Every year that we’ve planted a garden at the house (for those of you not keeping score, the number is 4), I’ve announced that I’m going to have a salsa garden. Each spring I’ve started out by planting all the ingredients for salsa. I excitedly bury my pepper and tomato seedlings in the garden and declare that this will be the year that we’re swimming in salsa! But something always ends up going wrong. The garlic doesn’t come up or the tomatoes under-deliver in their bounty.
Well, mark it in your calendars, folks, that 2017 is the summer of the salsa garden at the Delbert Meier house. The tomatoes have come in strong, garlic is abundant and the peppers have performed. And what I’ve lacked in ingredients from our own garden, I’ve managed to pick up at farmers markets.
Salsa is one of those simple recipes that makes you question ever buying it from a grocery store. In addition to the veggies, it’s really just some vinegar, salt and herbs all mixed up to make a yummy dipping sauce. I improvised my recipe for salsa so my measurements aren’t exact. I did check the label on the side of a jar of salsa to confirm that I was on the right patch with ingredients. But from there, it’s all a matter of taste.
SIMPLE SALSA RECIPE
10-12 ripe tomatoes
1-2 green peppers
1 large onion (I threw in some green onion as well)
1 head of garlic
1/2 cup(ish) of vinegar
1/2 cup(ish) of tequila
Pinch of salt
Roughly chop all ingredients and place all but cilantro in a large stockpot. Cook on low to medium heat, stirring occasionally, for about an hour. (For a thicker salsa, simmer on low heat for up to eight hours.) Use an immersion blender to puree the cooked mixture.
(Or, blend the hot mixture in batches in a blender or food processor. But be careful!) Add chopped cilantro to the blended mixture and return to stockpot.
See, I told you that the salsa recipe was easy, didn’t I? Well then trust me when I say that canning salsa is easy too. You’ll need the supplies: a basic canning kit (which consists of a large water bath pot and rack) along with jars, lids and rings. Once you have the supplies, the canning process is actually quite simple. I’m including some basic instructions here but the Ball/Kerr website provides a thorough resource for beginning canners.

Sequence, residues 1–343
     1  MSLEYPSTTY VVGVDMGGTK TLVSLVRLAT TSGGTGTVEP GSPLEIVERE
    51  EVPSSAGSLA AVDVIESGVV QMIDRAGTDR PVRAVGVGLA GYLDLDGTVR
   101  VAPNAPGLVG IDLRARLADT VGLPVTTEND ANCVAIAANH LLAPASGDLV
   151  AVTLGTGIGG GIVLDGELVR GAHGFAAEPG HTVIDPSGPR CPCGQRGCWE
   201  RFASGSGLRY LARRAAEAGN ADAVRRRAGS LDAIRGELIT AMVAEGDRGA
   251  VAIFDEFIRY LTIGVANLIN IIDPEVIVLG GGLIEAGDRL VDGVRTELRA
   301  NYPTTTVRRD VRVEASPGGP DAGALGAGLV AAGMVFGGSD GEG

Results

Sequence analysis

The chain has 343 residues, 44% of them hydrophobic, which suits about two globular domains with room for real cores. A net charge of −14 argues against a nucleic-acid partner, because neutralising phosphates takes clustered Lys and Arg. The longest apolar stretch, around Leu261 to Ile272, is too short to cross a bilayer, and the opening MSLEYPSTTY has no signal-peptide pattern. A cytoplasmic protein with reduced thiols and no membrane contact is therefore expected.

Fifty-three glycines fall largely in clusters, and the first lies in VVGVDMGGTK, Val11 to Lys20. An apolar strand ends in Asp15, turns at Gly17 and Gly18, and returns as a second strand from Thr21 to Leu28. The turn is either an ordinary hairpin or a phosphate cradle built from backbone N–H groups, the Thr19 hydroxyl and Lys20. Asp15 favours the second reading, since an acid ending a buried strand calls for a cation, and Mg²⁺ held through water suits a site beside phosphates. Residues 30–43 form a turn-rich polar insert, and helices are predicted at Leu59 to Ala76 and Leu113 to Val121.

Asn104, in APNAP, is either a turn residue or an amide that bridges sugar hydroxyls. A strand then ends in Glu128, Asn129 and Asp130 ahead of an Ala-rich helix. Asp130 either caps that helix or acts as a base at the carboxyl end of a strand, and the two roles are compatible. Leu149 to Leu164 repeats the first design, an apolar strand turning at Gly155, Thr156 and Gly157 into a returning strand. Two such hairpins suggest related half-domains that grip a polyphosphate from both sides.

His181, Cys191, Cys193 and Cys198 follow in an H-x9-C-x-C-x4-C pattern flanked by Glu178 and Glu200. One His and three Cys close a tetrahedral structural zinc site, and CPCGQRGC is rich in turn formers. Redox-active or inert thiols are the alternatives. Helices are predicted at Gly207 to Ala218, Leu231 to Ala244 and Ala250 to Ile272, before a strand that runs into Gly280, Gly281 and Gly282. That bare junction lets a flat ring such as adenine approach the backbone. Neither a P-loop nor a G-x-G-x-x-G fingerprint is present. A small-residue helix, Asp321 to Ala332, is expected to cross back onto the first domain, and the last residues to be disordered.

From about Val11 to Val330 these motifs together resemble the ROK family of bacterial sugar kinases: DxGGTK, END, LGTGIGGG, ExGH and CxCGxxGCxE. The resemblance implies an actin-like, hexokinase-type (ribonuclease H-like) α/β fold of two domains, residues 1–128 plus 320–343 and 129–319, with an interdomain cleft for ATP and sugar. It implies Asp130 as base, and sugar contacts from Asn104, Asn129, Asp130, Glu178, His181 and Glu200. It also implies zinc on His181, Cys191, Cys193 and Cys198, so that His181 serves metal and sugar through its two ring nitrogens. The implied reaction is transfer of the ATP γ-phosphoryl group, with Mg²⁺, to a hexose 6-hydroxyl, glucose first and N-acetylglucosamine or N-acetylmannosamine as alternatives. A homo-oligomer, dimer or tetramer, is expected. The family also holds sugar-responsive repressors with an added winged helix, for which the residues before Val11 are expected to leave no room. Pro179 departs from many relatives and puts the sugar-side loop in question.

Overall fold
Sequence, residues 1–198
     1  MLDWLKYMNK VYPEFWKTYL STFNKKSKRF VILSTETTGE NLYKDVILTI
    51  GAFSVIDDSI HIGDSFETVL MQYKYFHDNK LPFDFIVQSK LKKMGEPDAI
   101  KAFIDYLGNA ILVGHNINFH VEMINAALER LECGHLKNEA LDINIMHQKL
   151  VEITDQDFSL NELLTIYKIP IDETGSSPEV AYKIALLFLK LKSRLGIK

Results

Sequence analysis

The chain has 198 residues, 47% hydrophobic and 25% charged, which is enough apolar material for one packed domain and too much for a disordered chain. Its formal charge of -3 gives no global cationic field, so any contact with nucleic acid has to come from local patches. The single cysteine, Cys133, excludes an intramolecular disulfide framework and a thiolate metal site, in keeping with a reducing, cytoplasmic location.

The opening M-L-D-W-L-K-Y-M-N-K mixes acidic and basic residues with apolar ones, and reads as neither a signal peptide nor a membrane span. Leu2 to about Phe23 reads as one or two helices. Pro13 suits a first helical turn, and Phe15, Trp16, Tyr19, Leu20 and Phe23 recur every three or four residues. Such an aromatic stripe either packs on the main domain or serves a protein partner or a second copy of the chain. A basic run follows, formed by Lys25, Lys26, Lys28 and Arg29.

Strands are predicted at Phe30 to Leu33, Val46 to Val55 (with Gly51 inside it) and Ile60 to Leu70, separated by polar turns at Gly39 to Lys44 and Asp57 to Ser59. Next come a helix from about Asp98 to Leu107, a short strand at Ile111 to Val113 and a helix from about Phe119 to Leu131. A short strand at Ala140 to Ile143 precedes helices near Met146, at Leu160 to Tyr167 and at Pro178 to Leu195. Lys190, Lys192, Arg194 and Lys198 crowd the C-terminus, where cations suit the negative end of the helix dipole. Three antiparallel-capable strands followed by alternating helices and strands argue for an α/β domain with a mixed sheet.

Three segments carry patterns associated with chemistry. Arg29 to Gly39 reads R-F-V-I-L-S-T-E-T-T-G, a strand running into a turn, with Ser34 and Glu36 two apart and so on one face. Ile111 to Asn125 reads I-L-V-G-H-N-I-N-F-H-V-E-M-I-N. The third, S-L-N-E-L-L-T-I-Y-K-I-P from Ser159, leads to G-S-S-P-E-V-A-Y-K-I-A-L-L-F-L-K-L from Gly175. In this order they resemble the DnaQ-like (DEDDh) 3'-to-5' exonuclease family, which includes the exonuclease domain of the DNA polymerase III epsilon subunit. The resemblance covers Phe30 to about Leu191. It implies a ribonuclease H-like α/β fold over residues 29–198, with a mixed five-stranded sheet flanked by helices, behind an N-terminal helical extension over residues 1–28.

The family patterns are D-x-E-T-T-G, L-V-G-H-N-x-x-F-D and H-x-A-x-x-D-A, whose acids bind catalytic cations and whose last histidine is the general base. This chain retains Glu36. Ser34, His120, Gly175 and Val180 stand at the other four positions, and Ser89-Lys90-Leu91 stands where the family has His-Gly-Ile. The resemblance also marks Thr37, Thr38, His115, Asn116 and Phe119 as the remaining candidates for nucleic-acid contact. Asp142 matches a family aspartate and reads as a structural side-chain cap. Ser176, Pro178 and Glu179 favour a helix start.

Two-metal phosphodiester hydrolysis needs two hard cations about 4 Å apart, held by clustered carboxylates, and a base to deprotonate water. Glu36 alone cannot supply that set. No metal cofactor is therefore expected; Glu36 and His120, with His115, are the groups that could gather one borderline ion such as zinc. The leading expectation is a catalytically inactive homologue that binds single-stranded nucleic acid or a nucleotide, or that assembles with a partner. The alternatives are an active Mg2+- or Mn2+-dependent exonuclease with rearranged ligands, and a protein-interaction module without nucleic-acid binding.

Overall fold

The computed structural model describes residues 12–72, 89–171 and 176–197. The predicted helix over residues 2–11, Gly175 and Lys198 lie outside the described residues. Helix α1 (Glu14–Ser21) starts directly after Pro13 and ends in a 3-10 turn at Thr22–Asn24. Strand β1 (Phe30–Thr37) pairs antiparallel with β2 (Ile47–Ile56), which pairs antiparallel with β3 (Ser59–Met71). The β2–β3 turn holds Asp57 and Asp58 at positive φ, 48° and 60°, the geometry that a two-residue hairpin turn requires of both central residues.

First, fill you water bath canner with water (enough to cover the tops of the jars when they’re submerged) and heat on high until boiling. Then reduce heat to keep the water simmering but not boiling.
Next, thoroughly wash the empty jars and lids and then cover them in boiling water. What you’re doing here is making sure that you’re putting your salsa into a clean, sanitized jar. I usually hand wash my jars and then place them in the water bath pot for a few minutes. And then I place the lids in a small bowl and pour boiling water over them.
Then, place the hot salsa in the sterilized jars. Wipe any salsa from the rim of each jar and place the sanitized lids on top. Lightly screw the rings on top of the jars. Now, place the jars of salsa in the rack of the water canner and slowly lower them into the pot. Leave the jars submerged in the water for 10 to 15 minutes.
When the time’s up, carefully remove the jars from the water canner and place on top of a towel on the countertop. You’ll likely hear the lids pop, which is your sign that the jars have created a vacuum seal. I usually wipe the excess water from the jars and lids after they’ve cooled a bit and then add labels before placing them in the pantry.
Time consuming? Yes. But also easy, right? And on that cold winter night when we’re binge watching Netflix, this salsa is going to be so very delicious!